What “Occupy Wall Street” Is Missing
By looking only in one direction, Occupy Wall Street is missing the big picture.
David Brooks argues in an Op-Ed today that the Occupy Wall Street crowd, and its progeny, are missing a crucial part of the problems we face by focusing their argument on a virtuous 99% allegedly being taken advantage of by the evil 1%:
The country has been wasting this winter of recuperation. Nothing of consequence has been achieved over the past two years. Instead, there have been a series of trivial sideshows. It’s as if people can’t keep their minds focused on the big things. They get diverted by scuffles that are small, contentious and symbolic.
Take the Occupy Wall Street movement. This uprising was sparked by the magazine Adbusters, previously best known for the 2004 essay, “Why Won’t Anyone Say They Are Jewish?” — an investigative report that identified some of the most influential Jews in America and their nefarious grip on policy.
If there is a core theme to the Occupy Wall Street movement, it is that the virtuous 99 percent of society is being cheated by the richest and greediest 1 percent.
This is a theme that allows the people in the 99 percent to think very highly of themselves. All their problems are caused by the nefarious elite.
Unfortunately, almost no problem can be productively conceived in this way. A group that divides the world between the pure 99 percent and the evil 1 percent will have nothing to say about education reform, Medicare reform, tax reform, wage stagnation or polarization. They will have nothing to say about the way Americans have overconsumed and overborrowed. These are problems that implicate a much broader swath of society than the top 1 percent.
They will have no realistic proposal to reduce the debt or sustain the welfare state. Even if you tax away 50 percent of the income of those making between $1 million and $10 million, you only reduce the national debt by 1 percent, according to the Tax Foundation. If you confiscate all the income of those making more than $10 million, you reduce the debt by 2 percent. You would still be nibbling only meekly around the edges.
The 99-versus-1 frame is also extremely self-limiting. If you think all problems flow from a small sliver of American society, then all your solutions are going to be small, too. The policy proposals that have been floating around the Occupy Wall Street movement — a financial transfer tax, forgiveness for student loans — are marginal.
The Occupy Wall Street movement may look radical, but its members’ ideas are less radical than those you might hear at your average Rotary Club. Its members may hate capitalism. A third believe the U.S. is no better than Al Qaeda, according to a New York magazine survey, but since the left no longer believes in the nationalization of industry, these “radicals” really have no systemic reforms to fall back on.
Not only that, but the sad truth of the matter is that, to no small extent, many of the problems that some of the individuals that have been highlighted as members of the 99% are ones that cannot easily be explained away by blaming “the rich.” It wasn’t the rich, for example, that led people to run up huge amounts of student loan debt pursuing a degree that wasn’t likely to bring in a good income even in a good economy. That’s not to say that there aren’t solutions for some of these problems, of course. I highlighted one of them earlier today. However, casting blame on one small segment of society for a problem that is really everyone’s fault strikes me as both far too easy and intellectually dishonest. We live in a country where everyone has wanted to have their cake and eat it too for far too long, and we’re coming to the point where the bills are going due. As much as it feels good to be able to say your problems are all the fault of the “monied interests” and absurdly characterize them as some kind modern day version of the French Bourbouns, that simply isn’t accurate and it isn’t going to do anything to solve the myriad of problems that this country has.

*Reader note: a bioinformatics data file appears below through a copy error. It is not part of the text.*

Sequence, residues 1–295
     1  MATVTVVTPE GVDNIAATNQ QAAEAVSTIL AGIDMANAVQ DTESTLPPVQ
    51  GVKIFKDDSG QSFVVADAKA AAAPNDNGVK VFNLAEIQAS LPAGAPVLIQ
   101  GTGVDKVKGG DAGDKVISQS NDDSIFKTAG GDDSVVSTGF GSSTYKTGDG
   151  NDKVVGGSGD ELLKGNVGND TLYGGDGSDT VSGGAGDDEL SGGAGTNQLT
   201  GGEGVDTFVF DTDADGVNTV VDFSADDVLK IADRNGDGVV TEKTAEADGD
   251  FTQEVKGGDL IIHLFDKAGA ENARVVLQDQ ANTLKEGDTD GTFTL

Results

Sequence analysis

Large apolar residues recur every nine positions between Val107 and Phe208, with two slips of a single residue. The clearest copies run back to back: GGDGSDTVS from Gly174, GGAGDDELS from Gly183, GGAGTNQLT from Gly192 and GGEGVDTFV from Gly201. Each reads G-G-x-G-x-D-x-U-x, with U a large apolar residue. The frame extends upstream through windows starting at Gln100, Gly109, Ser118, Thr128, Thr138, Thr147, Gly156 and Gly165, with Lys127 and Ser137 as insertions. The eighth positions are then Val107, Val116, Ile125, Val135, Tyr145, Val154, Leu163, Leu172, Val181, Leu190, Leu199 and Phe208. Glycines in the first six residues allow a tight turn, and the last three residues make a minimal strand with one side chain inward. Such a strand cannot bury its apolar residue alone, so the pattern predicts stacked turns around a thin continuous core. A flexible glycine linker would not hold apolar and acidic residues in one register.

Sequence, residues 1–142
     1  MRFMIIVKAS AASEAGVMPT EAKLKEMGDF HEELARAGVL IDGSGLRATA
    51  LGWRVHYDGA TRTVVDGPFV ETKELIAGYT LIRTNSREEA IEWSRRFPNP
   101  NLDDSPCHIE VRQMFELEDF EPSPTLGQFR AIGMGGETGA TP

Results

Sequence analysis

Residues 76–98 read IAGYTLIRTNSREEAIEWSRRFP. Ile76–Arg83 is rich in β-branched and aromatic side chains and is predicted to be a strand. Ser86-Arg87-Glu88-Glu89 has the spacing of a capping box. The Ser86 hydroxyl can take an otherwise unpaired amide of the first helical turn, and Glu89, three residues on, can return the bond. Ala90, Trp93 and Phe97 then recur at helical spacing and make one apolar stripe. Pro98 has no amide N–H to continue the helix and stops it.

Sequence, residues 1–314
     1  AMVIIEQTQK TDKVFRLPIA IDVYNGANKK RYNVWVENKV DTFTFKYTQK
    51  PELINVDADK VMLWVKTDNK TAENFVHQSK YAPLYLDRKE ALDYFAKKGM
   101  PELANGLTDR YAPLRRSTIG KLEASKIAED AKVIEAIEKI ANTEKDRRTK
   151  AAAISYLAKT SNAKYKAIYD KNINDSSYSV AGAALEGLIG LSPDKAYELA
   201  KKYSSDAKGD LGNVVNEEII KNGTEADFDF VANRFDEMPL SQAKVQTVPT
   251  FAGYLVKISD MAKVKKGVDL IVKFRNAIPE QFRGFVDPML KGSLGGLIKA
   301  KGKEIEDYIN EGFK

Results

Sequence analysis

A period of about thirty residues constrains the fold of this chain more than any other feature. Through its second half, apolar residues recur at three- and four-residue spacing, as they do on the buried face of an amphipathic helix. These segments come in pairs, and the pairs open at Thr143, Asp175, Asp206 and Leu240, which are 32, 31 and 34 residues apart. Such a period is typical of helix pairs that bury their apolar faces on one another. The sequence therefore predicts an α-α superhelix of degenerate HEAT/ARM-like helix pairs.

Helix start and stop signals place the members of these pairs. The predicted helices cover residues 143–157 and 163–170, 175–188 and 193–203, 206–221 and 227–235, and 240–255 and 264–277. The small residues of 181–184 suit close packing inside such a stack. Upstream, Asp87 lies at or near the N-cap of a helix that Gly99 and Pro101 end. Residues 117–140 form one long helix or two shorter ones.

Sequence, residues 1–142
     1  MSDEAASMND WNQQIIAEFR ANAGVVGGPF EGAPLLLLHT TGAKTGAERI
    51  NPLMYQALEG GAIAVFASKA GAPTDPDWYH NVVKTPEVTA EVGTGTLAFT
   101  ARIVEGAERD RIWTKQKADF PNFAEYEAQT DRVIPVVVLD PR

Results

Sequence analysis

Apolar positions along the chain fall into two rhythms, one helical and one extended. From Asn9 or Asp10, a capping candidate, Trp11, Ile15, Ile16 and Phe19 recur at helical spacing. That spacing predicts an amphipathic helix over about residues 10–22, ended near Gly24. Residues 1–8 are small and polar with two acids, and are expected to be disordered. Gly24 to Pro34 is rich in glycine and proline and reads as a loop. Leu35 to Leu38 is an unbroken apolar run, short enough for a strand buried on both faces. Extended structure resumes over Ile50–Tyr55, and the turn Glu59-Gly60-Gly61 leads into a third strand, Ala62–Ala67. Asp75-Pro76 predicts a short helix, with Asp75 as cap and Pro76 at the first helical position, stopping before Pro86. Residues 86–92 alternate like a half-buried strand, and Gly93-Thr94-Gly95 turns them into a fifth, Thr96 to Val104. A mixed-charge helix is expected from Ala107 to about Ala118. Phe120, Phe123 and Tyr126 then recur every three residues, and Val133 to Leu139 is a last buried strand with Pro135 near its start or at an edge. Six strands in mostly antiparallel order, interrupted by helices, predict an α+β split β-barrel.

Rod Dreher agrees with Brooks:
If it’s going to get fixed, it’s going to hurt all of us. I really do believe that those whose wealth puts them in a position to weather the pain better than most should have to bear a greater share of the burden. But let’s get real: occupying Wall Street isn’t going to pay off one’s credit card, or obviate the spendthriftiness that may have led one to run it up. And so forth. Not saying that to let Wall Street off the hook, but only to underscore Brooks’s depressing and unromantic point that the true nature of the problem is radical and widespread, not simply concentrated in the top one percent.
Nor are they concentrated, as the Tea Party crowd argued, solely in government spending, although that is certainly part of the problem. There’s been much debate over the past two weeks over whether or not Occupy Wall Street is some kind of left-wing version of the Tea Party movement. The only way we’ll know that is when that movement, if it survives, puts forward a coherent political agenda and does the same kind of hard political slogging that the Tea Party has done to advance it. As I’ve said previously, hanging out in a park in New York City isn’t going to change the world, and the longer the movement does that and nothing else the less serious they are going to end up being taken. There is one way that the Tea Party and Occupy Wall Street are alike, though, both of them make the mistake of only focusing on one thing that they claim is the cause of all our problems. What they both need to do is wake up, look in the mirror, and realize that we call got into this together, and we’re going to have to get out of it together.
Photo via Foreign Policy